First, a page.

Mayfield City Schools, Mayfield Heights, Ohio
When Mayfield City Schools embarked on an ambitious 1-to-1 blended learning initiative for grades 4 through 12 in 2016-17, administrators quickly understood that teachers required help learning to integrate the technology.
“Early on in the plan, we realized that in order for this to truly become embedded into the culture, we were going to need a robust, embedded support system, so we could make it about instruction, and not technology,” says Patrick Ward, director of curriculum at Mayfield City Schools.
The district launched a comprehensive professional development plan that combines teachers, administrators and students to research best practices for 1-to-1 instruction.
An interdisciplinary blended learning action research team of 50 teachers, 10 students and several district administrators met regularly throughout the school year to examine the potential impact of 1-to-1. “We wanted teachers to explore with the kids, devices, and content to see what they could uncover about the nature of having tech all the time,” Ward said. Teachers and students actively conducted research to help administrators learn what may or may not be successful before fully rolling out the initiative.
Strategically inviting members from each department and grade level to the action research team made the implementation more personalized, Ward says. As Chromebooks—featuring Intel Atom processors—rolled out, each teacher had one or two colleagues in their department who could assist them with instruction and technical needs, and who could facilitate PD at the department level.
The entire district also began interdisciplinary PLC work to determine how blended learning would improve student outcomes in pre-K through grade 12.
Teachers were at first apprehensive about having tech in the classroom at all times, but once the devices showed up, feedback regarding the level of engagement in classes has been “off the charts,” Ward says. “Teachers have the ability to do things that were more challenging than in the past, give quality feedback, and differentiate instruction. The device has opened up the playbook for teaching.”
The district collects qualitative and quantitative data on the impact of blended learning on classroom practice, and has found improved student engagement, feedback to students, and ability to differentiate and personalize learning. Teachers also note improvement in student accountability for their learning, and more authentic student collaboration and communication.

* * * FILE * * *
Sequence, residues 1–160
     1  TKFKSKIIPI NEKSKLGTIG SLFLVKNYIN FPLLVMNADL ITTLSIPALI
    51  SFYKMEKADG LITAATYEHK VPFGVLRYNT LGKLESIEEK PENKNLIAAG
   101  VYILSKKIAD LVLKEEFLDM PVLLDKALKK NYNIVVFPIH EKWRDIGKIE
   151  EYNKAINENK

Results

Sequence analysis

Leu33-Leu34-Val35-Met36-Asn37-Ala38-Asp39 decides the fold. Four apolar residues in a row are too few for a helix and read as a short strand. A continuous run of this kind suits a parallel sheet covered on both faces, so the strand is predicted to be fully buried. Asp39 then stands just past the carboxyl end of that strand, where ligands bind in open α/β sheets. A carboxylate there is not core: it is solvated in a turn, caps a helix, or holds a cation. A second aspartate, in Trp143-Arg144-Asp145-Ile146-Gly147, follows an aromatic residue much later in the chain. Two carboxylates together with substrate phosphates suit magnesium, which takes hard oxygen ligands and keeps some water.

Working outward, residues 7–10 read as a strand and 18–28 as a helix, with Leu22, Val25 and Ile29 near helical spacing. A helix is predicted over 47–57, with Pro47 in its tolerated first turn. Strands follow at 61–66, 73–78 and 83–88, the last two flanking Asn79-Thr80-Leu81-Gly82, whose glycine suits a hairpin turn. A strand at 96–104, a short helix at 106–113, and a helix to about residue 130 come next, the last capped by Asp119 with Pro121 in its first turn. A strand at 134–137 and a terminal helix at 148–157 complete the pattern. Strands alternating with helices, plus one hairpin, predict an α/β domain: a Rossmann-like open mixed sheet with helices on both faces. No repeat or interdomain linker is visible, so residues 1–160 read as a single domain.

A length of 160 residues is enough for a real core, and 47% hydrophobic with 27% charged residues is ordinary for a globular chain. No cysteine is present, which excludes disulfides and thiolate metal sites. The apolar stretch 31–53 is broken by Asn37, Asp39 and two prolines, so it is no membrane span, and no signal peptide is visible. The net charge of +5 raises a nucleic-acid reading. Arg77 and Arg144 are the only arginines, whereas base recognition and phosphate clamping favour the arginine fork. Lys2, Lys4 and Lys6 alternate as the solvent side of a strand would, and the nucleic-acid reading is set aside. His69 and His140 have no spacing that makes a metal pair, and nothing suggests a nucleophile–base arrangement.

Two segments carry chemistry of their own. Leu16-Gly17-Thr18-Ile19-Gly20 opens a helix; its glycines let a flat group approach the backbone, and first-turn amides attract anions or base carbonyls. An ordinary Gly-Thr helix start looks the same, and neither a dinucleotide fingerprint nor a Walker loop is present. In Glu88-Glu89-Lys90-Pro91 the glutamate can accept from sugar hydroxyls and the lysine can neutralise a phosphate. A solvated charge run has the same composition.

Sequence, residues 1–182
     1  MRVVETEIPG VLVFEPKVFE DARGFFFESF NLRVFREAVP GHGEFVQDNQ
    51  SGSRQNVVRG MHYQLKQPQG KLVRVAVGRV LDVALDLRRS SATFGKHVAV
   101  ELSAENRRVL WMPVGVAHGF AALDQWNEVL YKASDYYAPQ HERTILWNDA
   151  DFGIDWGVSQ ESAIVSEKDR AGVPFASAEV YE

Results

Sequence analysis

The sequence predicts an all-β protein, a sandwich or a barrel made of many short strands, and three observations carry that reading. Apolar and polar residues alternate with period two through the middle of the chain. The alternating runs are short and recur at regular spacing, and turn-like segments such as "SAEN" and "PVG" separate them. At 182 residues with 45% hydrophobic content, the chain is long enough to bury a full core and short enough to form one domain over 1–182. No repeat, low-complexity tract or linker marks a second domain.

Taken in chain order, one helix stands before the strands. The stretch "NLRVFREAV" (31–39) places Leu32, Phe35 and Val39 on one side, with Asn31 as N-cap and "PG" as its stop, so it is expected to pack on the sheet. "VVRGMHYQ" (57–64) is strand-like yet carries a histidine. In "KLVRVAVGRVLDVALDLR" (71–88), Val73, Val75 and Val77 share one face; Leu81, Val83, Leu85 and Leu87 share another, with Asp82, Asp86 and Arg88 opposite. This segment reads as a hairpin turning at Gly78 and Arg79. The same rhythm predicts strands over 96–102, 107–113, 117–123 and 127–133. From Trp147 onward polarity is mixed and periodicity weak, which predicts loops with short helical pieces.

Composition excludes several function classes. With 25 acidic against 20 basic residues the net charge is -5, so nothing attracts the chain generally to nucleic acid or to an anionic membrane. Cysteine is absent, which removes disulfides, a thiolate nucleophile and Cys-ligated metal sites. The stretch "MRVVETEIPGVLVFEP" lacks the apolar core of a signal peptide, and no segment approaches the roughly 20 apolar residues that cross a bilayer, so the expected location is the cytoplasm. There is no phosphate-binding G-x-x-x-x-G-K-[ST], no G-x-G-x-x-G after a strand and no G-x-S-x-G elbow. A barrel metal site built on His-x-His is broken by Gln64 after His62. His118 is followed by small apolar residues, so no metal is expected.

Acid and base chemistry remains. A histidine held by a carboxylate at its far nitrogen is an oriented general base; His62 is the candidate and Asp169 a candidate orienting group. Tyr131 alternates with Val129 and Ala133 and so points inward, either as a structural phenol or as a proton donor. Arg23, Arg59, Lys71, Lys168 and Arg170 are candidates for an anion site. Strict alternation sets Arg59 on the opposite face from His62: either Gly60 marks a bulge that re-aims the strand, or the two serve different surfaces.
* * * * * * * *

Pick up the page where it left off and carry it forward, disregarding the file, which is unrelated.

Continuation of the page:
Students also report improved engagement, and they say that the 1-to-1 environment promotes critical thinking and problem-solving, and allows for more connections to real world concepts. Students also note better real-time communication, motivation, and higher-quality feedback from teachers.
Anecdotal evidence from the action research teams found that classrooms that piloted 1-to-1 the year before saw improved student outcomes compared to those that did not.
The blended environment and the PD work involved has also created an extremely collaborative culture among teachers, Ward says.
“Teachers are hungry to work together to solve problems of student engagement and instructional quality,” he says. “It gets teachers in the same lane as instruction leaders.”
Making teacher training less technical and more focused on instruction eased the transition. Teachers learn best by actually working with the devices and seeing how they can improve instruction, rather than focusing on only the technical aspects, Ward says.
“Making the work less about the device and more about classroom and instructional practice is key to reducing anxiety and fear around making this shift,” Ward says. “Administrators have to empower their teachers and administrative team to co-solve the problem of student engagement and instruction quality.”